For hospital staff, the protocol could help save lives as new research is showing that strangulation can have long-term and unexpected health risks.
“A strangulation that happened today, can impact you 15 years from now. You may have increased risk of a stroke, you may have an increased chance of dementia from a one-time strangulation, so were trying to give more information and research around that for the community to understand how serious it is,” Penny said.
Sisk compared strangulation to attempted murder to emphasize the severity of this type of assault.
“We’re learning now through a lot of training how serious strangulation really is. When you really think about it, you have someone in close quarters trying to cut your airway off. It’s basically attempted murder when you get right down to the nuts and bolts of it,” Sisk said.
In North Carolina, assault by strangulation is a class H felony.
“The reason this is all coming about is because of studies on cadavers. … They were finding on cadavers that the reason they were dying was because of strangulation, but [authorities] they didn’t know it until after death. So how do we figure that out, and how do we look more into that during the time of crisis?” Sisk said.
In an effort to cut down on extended health effects from strangulation, Moses Cone Hospital has introduced a strangulation kit to Cone Health hospitals in the area, including Alamance Regional Medical Center.
“What they are doing is the forensic nursing department, which does the sexual assault kits, is now being trained on strangulation and when to talk to folks about that,” Sisk explained. “They do a measurement of the neck, they’ll do some photographs. … They’ll do swabbing of the neck, they check the eyes and if they feel it’s necessary, they’ll do what’s called a CTA, which is like a CT scan of [the neck and throat] area to see if there is any tearing, or there is something that would need surgery inside.”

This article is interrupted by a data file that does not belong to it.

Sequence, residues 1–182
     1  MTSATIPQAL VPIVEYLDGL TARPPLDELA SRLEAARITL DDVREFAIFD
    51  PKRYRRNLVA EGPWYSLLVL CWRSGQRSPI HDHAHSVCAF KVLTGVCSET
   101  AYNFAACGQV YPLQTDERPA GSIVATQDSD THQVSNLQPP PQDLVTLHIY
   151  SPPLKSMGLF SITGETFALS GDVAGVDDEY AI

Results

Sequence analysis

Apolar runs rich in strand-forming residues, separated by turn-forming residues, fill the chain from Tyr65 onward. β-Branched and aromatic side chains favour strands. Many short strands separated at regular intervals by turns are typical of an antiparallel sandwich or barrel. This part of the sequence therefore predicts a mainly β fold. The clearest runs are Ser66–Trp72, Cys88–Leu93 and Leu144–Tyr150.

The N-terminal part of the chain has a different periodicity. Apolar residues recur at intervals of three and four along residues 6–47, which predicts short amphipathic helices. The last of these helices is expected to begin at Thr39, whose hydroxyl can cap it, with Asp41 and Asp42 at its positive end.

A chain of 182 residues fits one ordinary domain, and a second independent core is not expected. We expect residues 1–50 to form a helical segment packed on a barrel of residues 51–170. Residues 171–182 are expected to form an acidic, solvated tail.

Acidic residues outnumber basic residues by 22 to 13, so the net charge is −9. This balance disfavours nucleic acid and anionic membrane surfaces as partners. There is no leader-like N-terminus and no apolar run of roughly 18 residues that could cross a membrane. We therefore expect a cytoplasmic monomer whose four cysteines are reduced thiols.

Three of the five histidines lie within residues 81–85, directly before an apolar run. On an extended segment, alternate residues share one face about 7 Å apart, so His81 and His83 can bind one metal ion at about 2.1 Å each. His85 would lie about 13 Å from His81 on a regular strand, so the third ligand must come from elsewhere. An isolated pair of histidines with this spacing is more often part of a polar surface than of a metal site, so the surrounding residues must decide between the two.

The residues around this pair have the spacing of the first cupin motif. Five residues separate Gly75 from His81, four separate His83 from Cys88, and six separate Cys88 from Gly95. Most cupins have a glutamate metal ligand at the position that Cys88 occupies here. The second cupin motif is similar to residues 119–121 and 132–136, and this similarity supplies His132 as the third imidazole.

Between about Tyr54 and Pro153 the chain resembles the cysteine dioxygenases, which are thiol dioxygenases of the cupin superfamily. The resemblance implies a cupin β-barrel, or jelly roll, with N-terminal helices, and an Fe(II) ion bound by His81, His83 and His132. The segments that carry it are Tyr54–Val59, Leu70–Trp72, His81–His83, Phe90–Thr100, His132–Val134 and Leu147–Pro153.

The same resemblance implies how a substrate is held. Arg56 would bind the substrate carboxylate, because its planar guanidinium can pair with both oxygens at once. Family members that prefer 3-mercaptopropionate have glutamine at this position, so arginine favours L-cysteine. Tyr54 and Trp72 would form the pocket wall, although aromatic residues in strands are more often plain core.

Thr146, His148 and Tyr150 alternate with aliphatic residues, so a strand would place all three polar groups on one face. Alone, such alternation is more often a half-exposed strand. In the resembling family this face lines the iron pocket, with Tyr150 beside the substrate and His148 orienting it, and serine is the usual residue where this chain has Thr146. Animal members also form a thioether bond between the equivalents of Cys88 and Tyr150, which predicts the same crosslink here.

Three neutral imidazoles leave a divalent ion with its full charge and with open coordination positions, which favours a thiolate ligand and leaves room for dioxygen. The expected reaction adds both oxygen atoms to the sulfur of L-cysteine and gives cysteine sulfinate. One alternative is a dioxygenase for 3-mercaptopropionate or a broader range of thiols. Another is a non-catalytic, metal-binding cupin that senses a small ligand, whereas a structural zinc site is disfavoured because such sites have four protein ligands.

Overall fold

These strangulation kits are currently in use at ARMC, Sisk said, and are brought up when victims report being “choked” or strangled. The evidence is then given to the Police Department as needed for investigations.
Sisk explained that, unlike gunshot wounds or child abuse, strangulation is not currently mandatory for hospital staff to report to police under North Carolina law. Sisk said she’d like to see that changed.
“Strangulation, right now, is not a mandatory report to police. … If it is not life-threatening, like immediately life-threatening, we are not called,” she said. “There would actually have to be changes. We would have to go up to Congress to make that happen.”
In addition to helping first responders and medical professionals respond to strangulation cases, Sisk said she also hopes this protocol will help victims and people in the community understand how serious it is.
“If this is something they’re experiencing, they need to understand the potential life-threatening things that go along with it,” she said.